Project pricing: bugs and fixes


Pricing in general

If you work in a project-based line of business, this issue is something you must have encountered multiple times. Project pricing is obviously a huge topic, so we’ll cover just a fraction of it. In general, there are multiple approaches on how to price a project, while some of the industry leading ones in the world of software development would include value-based pricing, cost-plus pricing, competitive pricing and billing around agile cycles.

Whatever your pricing strategy may be, there is always a possibility that your competition won’t follow a truthful path toward forming their price. There is nothing wrong with a competitor being cheaper, faster or more skilled, but dishonest pricing and hiding the full potential scope of the project, along with the possible hurdles from your customers is definitively a problem one can easily find in the industry.


What we all deal with

One recent situation we’ve lived through a few months ago illustrates this point perfectly. A company we met up with had a need to develop an ERP system to manage their employees and equipment. Prior to meeting us, they already gave the project to a group of developers, who came to them with an estimate of 32 man-days that will be needed to develop everything.

The project was signed at that moment and so began the investigation phase. It took the dev team 2 full months into to project to realize they were wrong and needed to do a re-estimate. The new figure they communicated was 650 days! After being burnt like this, the client still found our 62 days estimate to be too high and the deal didn’t go through.

The point of this article isn’t to bash on any competitors nor the clients for wanting to believe in shiny figures, its purpose is rather to warn both parties of the dangers of not approaching project estimation more meticulously. Some do it for the lack of knowledge, whereas some count on the fact that the client won’t mind the additional costs that come up in the later stages of development.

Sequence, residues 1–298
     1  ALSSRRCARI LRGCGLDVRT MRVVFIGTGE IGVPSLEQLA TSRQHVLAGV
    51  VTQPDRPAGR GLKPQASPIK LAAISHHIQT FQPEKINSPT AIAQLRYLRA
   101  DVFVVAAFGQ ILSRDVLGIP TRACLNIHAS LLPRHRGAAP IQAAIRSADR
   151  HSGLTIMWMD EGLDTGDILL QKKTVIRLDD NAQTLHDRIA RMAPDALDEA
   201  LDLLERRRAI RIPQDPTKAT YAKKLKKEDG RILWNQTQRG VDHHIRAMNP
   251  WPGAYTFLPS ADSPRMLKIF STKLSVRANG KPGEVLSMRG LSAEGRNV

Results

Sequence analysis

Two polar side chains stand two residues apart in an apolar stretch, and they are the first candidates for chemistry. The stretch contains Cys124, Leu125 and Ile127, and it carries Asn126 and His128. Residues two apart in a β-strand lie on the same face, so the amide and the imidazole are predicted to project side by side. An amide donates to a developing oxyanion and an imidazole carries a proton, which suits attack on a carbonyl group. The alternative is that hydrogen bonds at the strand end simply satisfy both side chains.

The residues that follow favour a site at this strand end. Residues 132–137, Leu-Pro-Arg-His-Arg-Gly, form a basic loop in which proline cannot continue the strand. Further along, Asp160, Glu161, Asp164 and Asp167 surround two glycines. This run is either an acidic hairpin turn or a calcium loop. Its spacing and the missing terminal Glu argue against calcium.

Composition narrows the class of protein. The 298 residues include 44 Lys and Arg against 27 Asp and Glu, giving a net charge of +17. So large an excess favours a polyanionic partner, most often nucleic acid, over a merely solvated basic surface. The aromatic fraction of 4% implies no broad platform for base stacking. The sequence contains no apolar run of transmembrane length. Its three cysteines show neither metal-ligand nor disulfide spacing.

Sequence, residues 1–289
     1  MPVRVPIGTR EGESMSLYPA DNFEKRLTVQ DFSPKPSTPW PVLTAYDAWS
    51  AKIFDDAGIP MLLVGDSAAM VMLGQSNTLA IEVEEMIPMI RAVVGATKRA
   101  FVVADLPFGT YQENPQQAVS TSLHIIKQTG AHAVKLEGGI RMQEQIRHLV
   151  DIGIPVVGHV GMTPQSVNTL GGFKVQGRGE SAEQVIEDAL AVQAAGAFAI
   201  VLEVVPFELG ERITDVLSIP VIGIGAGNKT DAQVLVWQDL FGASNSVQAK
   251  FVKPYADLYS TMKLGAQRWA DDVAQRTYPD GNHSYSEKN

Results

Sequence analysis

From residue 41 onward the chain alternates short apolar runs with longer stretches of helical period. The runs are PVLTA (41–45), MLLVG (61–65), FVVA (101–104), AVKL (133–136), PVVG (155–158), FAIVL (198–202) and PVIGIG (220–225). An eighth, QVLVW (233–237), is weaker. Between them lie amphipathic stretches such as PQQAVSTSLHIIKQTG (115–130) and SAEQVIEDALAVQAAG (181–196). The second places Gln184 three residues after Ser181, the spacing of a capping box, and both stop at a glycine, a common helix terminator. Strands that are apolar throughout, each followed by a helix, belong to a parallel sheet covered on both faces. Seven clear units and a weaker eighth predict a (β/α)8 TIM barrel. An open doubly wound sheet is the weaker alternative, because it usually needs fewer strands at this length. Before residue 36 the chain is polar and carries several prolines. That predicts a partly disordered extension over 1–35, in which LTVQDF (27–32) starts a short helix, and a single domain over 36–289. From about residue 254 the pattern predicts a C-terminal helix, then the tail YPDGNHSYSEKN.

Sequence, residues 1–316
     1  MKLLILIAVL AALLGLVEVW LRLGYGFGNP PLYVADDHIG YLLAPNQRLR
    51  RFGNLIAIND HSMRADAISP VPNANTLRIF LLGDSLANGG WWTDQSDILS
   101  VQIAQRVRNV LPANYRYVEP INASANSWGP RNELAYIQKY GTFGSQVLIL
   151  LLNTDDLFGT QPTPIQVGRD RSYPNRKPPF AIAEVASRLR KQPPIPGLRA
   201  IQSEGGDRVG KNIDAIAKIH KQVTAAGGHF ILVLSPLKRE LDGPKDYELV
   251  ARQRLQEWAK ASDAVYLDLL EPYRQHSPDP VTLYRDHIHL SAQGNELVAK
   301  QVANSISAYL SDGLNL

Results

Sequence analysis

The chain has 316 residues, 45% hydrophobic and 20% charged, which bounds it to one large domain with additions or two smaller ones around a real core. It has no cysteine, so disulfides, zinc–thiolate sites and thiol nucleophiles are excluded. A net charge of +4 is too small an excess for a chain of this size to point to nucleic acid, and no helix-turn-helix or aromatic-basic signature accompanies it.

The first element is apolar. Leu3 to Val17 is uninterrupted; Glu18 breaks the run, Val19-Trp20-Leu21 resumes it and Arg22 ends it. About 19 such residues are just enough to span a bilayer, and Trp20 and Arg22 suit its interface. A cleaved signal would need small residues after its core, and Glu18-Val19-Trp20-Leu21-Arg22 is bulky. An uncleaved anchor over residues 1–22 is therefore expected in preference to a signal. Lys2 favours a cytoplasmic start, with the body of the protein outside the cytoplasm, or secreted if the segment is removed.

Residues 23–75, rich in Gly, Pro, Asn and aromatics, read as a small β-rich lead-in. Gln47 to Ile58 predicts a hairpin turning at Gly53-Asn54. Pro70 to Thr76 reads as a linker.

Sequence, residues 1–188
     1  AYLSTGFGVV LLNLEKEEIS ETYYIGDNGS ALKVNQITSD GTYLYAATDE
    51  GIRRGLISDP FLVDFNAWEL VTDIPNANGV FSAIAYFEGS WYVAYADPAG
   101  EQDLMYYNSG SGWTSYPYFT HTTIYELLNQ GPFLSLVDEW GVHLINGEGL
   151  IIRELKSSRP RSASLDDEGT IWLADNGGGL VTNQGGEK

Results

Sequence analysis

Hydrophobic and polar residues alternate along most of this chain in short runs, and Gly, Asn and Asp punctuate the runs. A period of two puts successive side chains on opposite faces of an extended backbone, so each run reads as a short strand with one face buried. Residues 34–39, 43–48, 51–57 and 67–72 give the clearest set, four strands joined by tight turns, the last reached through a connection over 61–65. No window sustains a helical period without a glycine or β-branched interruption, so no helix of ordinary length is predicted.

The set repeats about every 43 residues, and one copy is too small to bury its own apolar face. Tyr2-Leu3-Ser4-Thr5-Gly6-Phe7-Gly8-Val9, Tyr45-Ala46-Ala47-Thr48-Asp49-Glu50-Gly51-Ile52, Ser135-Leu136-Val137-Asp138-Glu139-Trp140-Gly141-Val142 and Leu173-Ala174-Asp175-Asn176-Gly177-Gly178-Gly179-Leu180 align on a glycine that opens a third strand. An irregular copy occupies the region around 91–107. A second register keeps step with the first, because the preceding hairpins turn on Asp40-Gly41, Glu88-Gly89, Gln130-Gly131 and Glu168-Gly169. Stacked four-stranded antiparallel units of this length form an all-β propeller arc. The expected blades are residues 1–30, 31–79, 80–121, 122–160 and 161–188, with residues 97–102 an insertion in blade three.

A Small Q Tip

Not to end things on a negative note, we’re happy to share one strategy we started using recently, which helped us increase our success rate in winning new projects. When we are drafting quotes for really large projects, most often we’ll go with a hybrid quote, combining a fixed-price estimate with a dedicated team arrangement.

This means that we will attach a final amount of man-days to the first few project phases, like database & project architecture, UX & UI design and parts of the Frontend and Backend development. After this stage is completed, a team of dedicated experts will take the project to its completion.

The issue this approach solves is that we don’t have to charge the client any “buffer” (the price for the time that will be spent to cover possible unexpected problems that may occur) and the risk factor is eliminated for both sides.

We will provide the client with a rough estimate, e.g. a team of 2 Frontend devs and 1 Backend dev will take 2–4 months to complete the project. This way, everyone is incentivized to deliver the project sooner and productivity was shown to rise by considerable amounts.